The report found that 29 of 36, or 81 per cent, of banks reviewed had a broad policy on responsible lending. Some 22 banks (61 per cent) offered green financing products, while 22 (56 per cent) even quantified the value of these offerings.
But only 10 banks — just over a quarter — cited climate change as a reason to limit lending.
“It is natural that banks seek new markets before reducing exposure to the old ones,” the report acknowledged. “However, without taking steps to limit exposure to carbon-intensive assets, banks may fail to address related risks and fail to decarbonise their overall growth.”
The report also noted that banks which did not assess investments for their climate impacts “will face higher risks as their clients adjust to more regulation and more volatile weather patterns”.
China’s banks, however, stood out for their extensive measures to restrict industries which were heavy energy users and polluters, said the report. This was because of recent Green Credit Guidelines from the country’s Banking Regulatory Commission.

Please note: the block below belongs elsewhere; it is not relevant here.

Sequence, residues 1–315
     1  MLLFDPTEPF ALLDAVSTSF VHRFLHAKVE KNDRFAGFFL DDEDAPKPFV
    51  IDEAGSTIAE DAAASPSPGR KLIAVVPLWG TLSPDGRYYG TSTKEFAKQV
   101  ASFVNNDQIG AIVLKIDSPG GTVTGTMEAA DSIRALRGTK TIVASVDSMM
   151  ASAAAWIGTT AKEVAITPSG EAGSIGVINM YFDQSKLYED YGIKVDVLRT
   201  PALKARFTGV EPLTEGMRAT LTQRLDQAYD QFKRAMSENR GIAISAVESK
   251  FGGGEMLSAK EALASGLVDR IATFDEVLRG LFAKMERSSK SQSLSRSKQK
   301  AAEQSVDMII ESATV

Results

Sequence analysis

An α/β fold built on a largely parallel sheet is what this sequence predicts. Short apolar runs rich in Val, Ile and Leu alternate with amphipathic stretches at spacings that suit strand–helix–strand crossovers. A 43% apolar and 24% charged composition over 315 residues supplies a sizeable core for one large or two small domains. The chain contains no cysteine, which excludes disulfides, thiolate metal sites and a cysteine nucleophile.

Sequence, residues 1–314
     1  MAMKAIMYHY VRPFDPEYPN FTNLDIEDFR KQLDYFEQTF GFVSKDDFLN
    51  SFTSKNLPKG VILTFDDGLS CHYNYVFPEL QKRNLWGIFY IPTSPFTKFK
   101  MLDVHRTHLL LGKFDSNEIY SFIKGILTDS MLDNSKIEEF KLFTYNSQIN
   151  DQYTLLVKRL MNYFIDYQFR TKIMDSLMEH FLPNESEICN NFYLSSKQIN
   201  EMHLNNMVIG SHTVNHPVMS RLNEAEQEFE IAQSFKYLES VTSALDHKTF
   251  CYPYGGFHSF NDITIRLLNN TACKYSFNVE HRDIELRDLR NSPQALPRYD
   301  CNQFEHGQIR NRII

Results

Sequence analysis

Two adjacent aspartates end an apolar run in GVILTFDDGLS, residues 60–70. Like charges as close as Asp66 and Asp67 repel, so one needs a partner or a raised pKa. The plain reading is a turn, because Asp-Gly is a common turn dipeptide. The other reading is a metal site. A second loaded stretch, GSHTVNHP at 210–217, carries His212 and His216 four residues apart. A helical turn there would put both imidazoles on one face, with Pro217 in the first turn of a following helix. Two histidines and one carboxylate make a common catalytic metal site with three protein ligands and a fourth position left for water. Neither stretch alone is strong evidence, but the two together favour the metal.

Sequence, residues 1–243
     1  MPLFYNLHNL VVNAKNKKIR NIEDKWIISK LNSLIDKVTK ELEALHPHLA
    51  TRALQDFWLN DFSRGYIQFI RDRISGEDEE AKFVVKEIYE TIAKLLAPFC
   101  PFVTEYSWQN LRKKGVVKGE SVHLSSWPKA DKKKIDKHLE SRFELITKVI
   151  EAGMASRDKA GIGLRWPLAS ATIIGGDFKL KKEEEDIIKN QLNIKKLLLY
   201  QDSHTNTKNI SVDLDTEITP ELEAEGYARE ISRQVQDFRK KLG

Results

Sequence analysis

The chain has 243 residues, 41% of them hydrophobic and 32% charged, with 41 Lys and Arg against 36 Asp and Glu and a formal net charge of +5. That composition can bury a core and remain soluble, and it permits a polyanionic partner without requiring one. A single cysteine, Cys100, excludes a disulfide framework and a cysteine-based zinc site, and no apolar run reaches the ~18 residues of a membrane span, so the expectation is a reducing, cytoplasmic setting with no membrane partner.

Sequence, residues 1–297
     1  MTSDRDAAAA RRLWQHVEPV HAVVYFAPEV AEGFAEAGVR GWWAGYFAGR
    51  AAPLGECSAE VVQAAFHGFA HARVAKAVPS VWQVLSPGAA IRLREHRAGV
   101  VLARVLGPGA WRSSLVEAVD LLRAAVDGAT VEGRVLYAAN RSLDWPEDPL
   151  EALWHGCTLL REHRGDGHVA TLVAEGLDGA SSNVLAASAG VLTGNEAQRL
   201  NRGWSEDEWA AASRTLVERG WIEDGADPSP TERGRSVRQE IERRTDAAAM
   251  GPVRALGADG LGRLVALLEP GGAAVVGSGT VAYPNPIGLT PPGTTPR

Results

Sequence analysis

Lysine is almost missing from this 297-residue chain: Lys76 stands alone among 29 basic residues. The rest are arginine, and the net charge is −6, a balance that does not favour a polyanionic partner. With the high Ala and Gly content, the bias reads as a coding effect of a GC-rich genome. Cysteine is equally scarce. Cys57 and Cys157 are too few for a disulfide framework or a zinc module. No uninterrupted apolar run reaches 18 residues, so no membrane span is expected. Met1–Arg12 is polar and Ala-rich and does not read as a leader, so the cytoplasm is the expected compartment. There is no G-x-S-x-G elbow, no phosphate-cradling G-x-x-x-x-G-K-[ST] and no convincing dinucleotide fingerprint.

Australian banks, too, had above-average disclosures on limiting exposure to high carbon industries. These were, however, due to voluntary policies.
While it’s clear that progress is uneven and gaps remain, such as a need for greater focus on climate risk in investing, progress over the past two to three years has been remarkable.
Emma Herd, chief executive officer, Investor Group on Climate Change
Where investors were concerned, the report found that 16 of the 30 firms surveyed had publicly-available information about their investment policies. However only nine investors referenced climate change specifically, while a mere eight shared the steps they were taking to mitigate climate risks.
Meanwhile, insurers are also adapting to the new payout patterns that will arise due to climate change. The report found that nine out of the 24 insurance providers assessed had factored climate change risks into their underwriting processes.